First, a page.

WASHINGTON — An unprecedented, in-depth exhibition on the culture of the Ainu is being held in the U.S. capital.
The exhibit is notable for the input that its subjects, the indigenous northern Japanese minority, had in its preparation themselves, said William Fitzhugh, director of the Arctic Studies Center at the Smithsonian Institution’s National Museum of Natural History, and because it celebrates the Ainu’s present as well as their past.
Fitzhugh, who initiated the “Ainu: Spirit of a Northern People” exhibition, said the museum succeeded in presenting a balanced perspective only after obtaining cooperation from Chisato Dubreuil, an Ainu descendant who serves as cocurator of the show.
“It is organized in a way to reflect the voice of the Ainu,” Dubreuil said. “Different from a number of exhibitions of minorities in the past, it is not designed to show the culture of a minority to the majority from the viewpoint of the majority for their amusement.”
About 300 archaeological and ethnological specimens, photographs and paintings of the Ainu are being exhibited. Most of the ethnological specimens were collected in the late 19th and early 20th centuries by North Americans and Europeans, Fitzhugh said.
To present modern Ainu culture, Dubreuil included artworks by contemporary Ainu artists, including sculptor Bikky Sunazawa. Bikky means “a frog” in the Ainu language.
Dubreuil also closely consulted with other Ainu artists, elders and experts throughout the preparation process by traveling several times between the U.S. and Japan.
The museum’s director, Robert Fri, said, “The Ainu exhibition enables the Ainu to tell their own story, in collaboration with members of the museum and scholars of Japan and the United States.”
Oki Kano, a musician of mixed Ainu and Japanese blood who plays the “tonkori,” a traditional Ainu stringed instrument, said the exhibition is human-oriented. “I feel I can trace back my roots,” said Kano, who is the sculptor Sunazawa’s son.
Fitzhugh said Ainu history, which is presented as a story of loss, forced assimilation and revival, mirrors the experiences of indigenous people in many parts of the world, in particular American Indians.
Chisato Dubreuil and her husband, David, an Indian of Mohawk and Huron descent and project manager of the exhibition, said this shared experience gives the Ainu exhibition a relevance in the United States and other countries with ethnic minorities. “I wouldn’t have been able to carry out my tasks without David,” Dubreuil said.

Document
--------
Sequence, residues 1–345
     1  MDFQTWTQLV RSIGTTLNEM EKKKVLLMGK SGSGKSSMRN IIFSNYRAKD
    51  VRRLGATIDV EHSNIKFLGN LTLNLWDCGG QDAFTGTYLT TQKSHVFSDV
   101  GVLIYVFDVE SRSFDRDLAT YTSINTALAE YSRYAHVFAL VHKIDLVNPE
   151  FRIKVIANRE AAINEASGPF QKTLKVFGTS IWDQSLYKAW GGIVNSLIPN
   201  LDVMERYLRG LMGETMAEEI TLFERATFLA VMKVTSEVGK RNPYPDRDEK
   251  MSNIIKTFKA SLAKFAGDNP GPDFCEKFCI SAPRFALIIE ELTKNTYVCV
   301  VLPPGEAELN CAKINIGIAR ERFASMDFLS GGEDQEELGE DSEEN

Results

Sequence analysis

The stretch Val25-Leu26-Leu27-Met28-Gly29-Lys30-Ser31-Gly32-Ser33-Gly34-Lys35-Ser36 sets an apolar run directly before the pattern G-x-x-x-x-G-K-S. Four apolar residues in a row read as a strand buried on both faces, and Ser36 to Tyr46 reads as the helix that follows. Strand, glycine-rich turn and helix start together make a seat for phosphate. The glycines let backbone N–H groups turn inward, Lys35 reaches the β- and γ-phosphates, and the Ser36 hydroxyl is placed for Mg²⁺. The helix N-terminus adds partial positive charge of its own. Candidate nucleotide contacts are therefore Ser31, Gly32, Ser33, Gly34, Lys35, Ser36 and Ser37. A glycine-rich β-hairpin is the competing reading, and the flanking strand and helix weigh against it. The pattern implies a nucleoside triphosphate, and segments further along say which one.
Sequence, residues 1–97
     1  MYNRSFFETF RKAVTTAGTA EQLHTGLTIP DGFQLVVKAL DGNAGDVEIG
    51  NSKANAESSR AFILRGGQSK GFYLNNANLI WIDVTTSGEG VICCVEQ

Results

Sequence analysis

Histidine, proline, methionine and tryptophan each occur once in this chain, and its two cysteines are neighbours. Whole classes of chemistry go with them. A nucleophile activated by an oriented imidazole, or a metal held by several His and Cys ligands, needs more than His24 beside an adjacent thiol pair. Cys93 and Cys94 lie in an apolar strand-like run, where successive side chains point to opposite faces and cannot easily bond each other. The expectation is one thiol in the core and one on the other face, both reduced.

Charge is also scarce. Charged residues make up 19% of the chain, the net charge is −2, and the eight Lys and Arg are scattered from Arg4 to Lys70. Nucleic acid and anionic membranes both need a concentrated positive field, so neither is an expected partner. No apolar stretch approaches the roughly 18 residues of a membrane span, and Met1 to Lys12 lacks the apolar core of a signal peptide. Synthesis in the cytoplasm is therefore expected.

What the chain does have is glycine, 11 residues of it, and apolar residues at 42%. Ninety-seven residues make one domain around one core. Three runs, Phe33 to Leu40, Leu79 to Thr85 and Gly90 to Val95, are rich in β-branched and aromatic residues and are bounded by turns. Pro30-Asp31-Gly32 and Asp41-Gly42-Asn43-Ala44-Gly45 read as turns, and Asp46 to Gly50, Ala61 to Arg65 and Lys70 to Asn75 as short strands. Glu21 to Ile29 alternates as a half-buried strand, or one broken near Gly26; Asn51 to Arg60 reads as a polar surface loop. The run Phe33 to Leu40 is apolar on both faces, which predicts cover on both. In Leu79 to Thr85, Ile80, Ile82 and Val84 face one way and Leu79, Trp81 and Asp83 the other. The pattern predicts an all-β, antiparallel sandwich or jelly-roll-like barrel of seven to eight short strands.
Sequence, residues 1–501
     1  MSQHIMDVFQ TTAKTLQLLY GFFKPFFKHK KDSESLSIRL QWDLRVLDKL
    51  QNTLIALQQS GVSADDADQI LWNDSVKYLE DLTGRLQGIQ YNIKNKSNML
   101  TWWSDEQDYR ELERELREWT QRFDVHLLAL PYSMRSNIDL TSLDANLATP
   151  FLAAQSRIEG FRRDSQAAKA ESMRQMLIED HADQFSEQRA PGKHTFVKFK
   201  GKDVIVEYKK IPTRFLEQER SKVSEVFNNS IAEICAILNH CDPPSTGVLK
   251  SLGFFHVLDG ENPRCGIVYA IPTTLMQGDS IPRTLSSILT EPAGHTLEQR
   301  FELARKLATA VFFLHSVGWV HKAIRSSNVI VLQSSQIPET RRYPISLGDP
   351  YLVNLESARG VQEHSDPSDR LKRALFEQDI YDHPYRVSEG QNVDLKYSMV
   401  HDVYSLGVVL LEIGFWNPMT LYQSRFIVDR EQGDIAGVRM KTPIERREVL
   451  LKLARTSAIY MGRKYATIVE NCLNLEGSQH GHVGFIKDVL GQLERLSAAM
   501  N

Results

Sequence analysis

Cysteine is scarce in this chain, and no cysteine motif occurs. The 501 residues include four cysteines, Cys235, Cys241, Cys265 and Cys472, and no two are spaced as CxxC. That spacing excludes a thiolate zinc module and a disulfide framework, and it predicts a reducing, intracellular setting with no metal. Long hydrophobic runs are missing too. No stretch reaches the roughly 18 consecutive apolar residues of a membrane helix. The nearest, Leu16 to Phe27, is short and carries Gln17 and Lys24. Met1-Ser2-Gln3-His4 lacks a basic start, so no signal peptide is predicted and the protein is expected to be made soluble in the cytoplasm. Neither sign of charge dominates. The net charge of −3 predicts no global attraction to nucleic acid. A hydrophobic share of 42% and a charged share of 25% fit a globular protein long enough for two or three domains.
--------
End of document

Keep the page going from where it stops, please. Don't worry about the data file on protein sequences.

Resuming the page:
She said she and her husband felt their esteem in their ethnicity has grown considerably since they were contacted by members of other ethnic minorities who came to know about the exhibition through the Internet (http://www.nmnh.si.edu/arctic/html/ainu.htm) or (http://www.nmnh.edu) or (http://www.si.edu)
“We feel we inspire each other and foster pride in our ethnic heritage,” she said.
Jomon roots studied>
The Ainu, or “humans” in their language, have roots reaching back more than 10,000 years. Modern biological studies suggest they descended from the Jomon Period people, who once occupied much of the Japanese archipelago, according to experts.
The Ainu differed from their Asian neighbors in language and in appearance. Their eyes are deep-set, their bodies muscular and hairy. Ainu men wore flowing beards. The women often sported tattooed lips, arms and hands.
Some scholars thought the Ainu might have represented remnants of a “lost” Caucasoid race, considering their appearance.
Driven northward by ancestors of today’s Japanese as they moved in from the Asian mainland, the Ainu took refuge in the forests of Hokkaido and the northern islands of Sakhalin and Kuril.
They evolved there as hunters, fishermen and traders, eventually dealing with Russians, Chinese and Japanese, until Japan launched its aggressive Hokkaido settlement campaign at the start of the Meiji Restoration in 1868.
Intermarriage and forced assimilation through farming and education under the 1899 Hokkaido Former Aborigine Protection Law, which denied them the right to continue their traditional practices or speak their language, drastically reduced the number of full Ainu descendants and the number who speak the language, which has no written text.